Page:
Why Big Data Will Never Replace Creativity

Data scientists work their magic to help marketers with everything from customer relations to pricing. But they have their limits

Written by Alicia Androich for Marketing

Much more than just a URL-shortener, Bitly keeps close tabs on what people all over the world are reading and sharing in the social sphere. Its chief scientist, Hilary Mason, is a self-professed data nerd who was named one of Fast Company‘s “100 Most Creative People in Business” this year. Mason went to Brown University and Grinnell College for computer science, and spent part of her early career as a software engineer. She spoke with Marketing Magazine to explain Bitly’s appeal to brands and why big data will never replace creativity.


There are a couple of reasons big data is popping up on most conference agendas these days, says Mason. While the work data scientists do with large data sets has been possible for ages, there’s been a massive reduction in the cost and an increase in the usability of the tools. The engineering aspect or analytics side of making data useful used to be professions in themselves (and in some cases still are) because that work was so complex, but Mason says it’s now become so much easier and more affordable that a data scientist can do the engineering, analytics and mathematics. Data scientists also do what Mason says is the most important part, which is either have the domain knowledge to make a good decision or the communication ability to sit down with their clients “and help them make better decisions based on data.”


Mason joined Bitly in 2009 in the days when its whole team fit in one elevator. In her first year with the New York-based company her title was “engineer,” but she insisted they put “scientist” on her business card. “I thought it sounded cooler,” she says. As the company has grown—there are now roughly 55 people there, including interns—so has Mason’s job. She’s progressed from being a hands-on coder to her present post, which sees her leading a team of six data scientists and working closely with the CEO and the board “to try and make decisions about where the business and products can actually use the data most effectively.”


“Bitly is the set of links people are sharing with each other on social networks, so it’s basically a huge database of gossip,” says Mason. She jokes that people joining her team of data scientists go through an emotional cycle that starts with excitement about how cool the data is, “then you just get really depressed because you realize that so much human attention is going to Kim Kardashian and Justin Bieber and some sports guy who scored a point.” Next, though, comes the pivotal a-ha moment when Mason says the data scientists “realize that for the first time, we’re able to actually study human communication at the scale at which that communication is happening.” The Bitly team sees data from hundreds of millions of people every day and Mason says, “I still find that completely amazing.”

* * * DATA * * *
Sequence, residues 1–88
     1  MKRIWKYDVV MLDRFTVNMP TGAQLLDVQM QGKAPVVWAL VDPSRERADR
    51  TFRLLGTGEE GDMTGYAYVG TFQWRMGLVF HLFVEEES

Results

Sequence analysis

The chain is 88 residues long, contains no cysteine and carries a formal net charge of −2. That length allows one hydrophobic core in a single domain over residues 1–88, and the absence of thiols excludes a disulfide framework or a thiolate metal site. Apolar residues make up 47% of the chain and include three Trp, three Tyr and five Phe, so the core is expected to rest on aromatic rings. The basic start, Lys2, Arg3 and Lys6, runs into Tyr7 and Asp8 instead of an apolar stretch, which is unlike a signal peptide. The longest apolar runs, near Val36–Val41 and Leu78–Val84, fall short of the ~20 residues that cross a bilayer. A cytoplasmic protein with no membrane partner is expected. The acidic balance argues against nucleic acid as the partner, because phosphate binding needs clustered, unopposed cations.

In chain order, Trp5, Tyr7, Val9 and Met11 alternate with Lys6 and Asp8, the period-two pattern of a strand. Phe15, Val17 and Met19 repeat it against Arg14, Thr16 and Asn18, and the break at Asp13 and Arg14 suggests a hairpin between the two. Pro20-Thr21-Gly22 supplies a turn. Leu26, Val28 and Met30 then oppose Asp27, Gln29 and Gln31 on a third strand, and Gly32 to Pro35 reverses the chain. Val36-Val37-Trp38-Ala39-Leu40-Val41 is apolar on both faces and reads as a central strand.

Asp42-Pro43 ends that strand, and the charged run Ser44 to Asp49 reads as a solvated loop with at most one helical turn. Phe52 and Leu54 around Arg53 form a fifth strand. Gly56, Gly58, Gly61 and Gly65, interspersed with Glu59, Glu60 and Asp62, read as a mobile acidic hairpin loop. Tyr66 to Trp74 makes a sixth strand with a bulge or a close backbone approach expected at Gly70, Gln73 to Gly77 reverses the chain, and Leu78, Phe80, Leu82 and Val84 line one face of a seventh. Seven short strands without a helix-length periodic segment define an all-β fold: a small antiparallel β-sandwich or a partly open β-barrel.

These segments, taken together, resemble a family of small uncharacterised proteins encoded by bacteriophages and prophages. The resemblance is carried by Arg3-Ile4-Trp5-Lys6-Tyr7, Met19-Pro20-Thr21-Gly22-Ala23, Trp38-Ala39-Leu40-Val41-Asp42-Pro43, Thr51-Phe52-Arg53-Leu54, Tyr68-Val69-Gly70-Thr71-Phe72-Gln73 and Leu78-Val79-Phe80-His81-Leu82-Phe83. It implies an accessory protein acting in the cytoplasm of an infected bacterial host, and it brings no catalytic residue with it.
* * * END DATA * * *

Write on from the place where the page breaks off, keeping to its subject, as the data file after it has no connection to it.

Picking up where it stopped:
Out-of-the-box sentiment analysis software or survey research counts the data and can provide numbers or graphs, but Mason says that data only represents a portion of the real world—not the whole thing. A data scientist’s job, she says, is to take the data that’s been counted then contextualize it, come up with a theory about why it appears to be the way it is, test that theory, and try to make better decisions.

“There is a lot of hype around how big data will replace creativity and, I know this isn’t the technical term, but I think it’s bullshit.” Although she hears lots of fear from people that data “is either going to replace them or somehow prove that they’re not actually good at their job,” she doesn’t think it’s justified. “The data should be a tool to empower people to be better at what they’re doing professionally, and I can tell you as someone who looks at data all the time that it is not going to replace creativity; it’s not going to replace a human connection.” As Mason sums up: “Data can tell you whether A or B is a better choice, but it can never tell you what A or B should have been in the first place.”

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